Burundi protesters launch fresh anti-government demonstrations

Burundi protesters launch fresh anti-government demonstrations
A supporter of Burundi's President Pierre Nkurunziza decorates his hat with balloons during a rally in Bujumbura, Burundi.

BUJUMBURA, Burundi - Protesters opposed to Burundi President Pierre Nkurunziza launched fresh demonstrations Monday, resuming weeks of street marches after a failed coup despite warnings from the government.

Small groups gathered in several parts of the capital Bujumbura, singing songs and blowing whistles, each time chased away by soldiers shooting in the air, then regrouping elsewhere.

"Let's end fear, regain our momentum," said Pacifique Nininahazwe, a leading figure of the protest against Nkurunziza's bid for a third term in power.

At least 20 people died in street battles with security forces before the demonstrations ended when generals launched a failed coup attempt last week.

Nininahazwe called for a "peaceful march," "no insults" and no stones to be thrown.

"We stop when police confront us, we sit with hands in the air, then we resume walking," he said, in a message spread via social media, after four key independent radios were closed by the authorities.

Bujumbura mayor Juma Saidi, speaking on state television on Sunday, warned that "demonstrators will be considered as part of the coup, and security forces have been ordered to treat them as such."

A group of top generals on Wednesday launched a bid to oust Nkurunziza while he was on a visit to neighbouring Tanzania after almost three weeks of protests over his controversial bid to stand again for office.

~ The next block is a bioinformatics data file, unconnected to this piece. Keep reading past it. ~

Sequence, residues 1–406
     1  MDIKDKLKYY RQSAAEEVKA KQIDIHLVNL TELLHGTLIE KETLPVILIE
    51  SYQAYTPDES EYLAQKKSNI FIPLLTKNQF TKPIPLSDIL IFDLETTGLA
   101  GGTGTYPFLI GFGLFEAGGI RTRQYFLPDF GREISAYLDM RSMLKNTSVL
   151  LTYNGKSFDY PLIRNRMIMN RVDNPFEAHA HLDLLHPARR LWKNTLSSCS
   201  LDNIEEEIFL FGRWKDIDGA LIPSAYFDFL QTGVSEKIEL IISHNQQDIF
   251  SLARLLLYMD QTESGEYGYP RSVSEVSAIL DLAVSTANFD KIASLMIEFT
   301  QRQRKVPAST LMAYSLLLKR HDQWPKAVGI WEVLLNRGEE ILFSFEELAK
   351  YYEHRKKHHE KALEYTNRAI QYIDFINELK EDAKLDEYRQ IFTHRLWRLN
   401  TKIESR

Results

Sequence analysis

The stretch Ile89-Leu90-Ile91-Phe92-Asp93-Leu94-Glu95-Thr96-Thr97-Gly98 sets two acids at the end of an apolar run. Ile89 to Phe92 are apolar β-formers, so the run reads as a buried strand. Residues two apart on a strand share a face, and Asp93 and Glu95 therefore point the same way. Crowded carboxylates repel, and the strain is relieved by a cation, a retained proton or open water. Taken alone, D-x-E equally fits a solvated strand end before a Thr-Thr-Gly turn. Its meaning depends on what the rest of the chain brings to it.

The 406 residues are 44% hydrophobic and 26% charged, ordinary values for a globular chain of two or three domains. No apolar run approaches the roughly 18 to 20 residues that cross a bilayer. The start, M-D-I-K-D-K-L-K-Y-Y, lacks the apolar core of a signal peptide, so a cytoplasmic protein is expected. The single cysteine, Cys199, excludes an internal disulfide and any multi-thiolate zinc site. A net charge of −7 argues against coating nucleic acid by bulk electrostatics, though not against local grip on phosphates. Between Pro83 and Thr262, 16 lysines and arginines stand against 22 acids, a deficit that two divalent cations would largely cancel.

Nkurunziza has been accused of launching a campaign of repression against opponents and trying to silence independent media since coup leaders admitted defeat on Friday after fierce fighting with loyalist troops.

Seventeen alleged plotters appeared in court on Saturday, including a former defence minister and two top police commissioners, to face accusations of "attempting to overthrow the state".

Opposition and rights groups insist that Nkurunziza's bid for a third five-year term is against the constitution and the terms of the peace deal that brought an end to the country's civil war in 2006.

The president has also been accused of intimidating opponents and failing to lift the fortunes of small landlocked Burundi, one of the poorest countries on the planet.

Nkurunziza, a former rebel leader and born-again Christian who believes he has divine backing to lead the country, argues his first term did not count as he was elected by parliament, not directly by the people.

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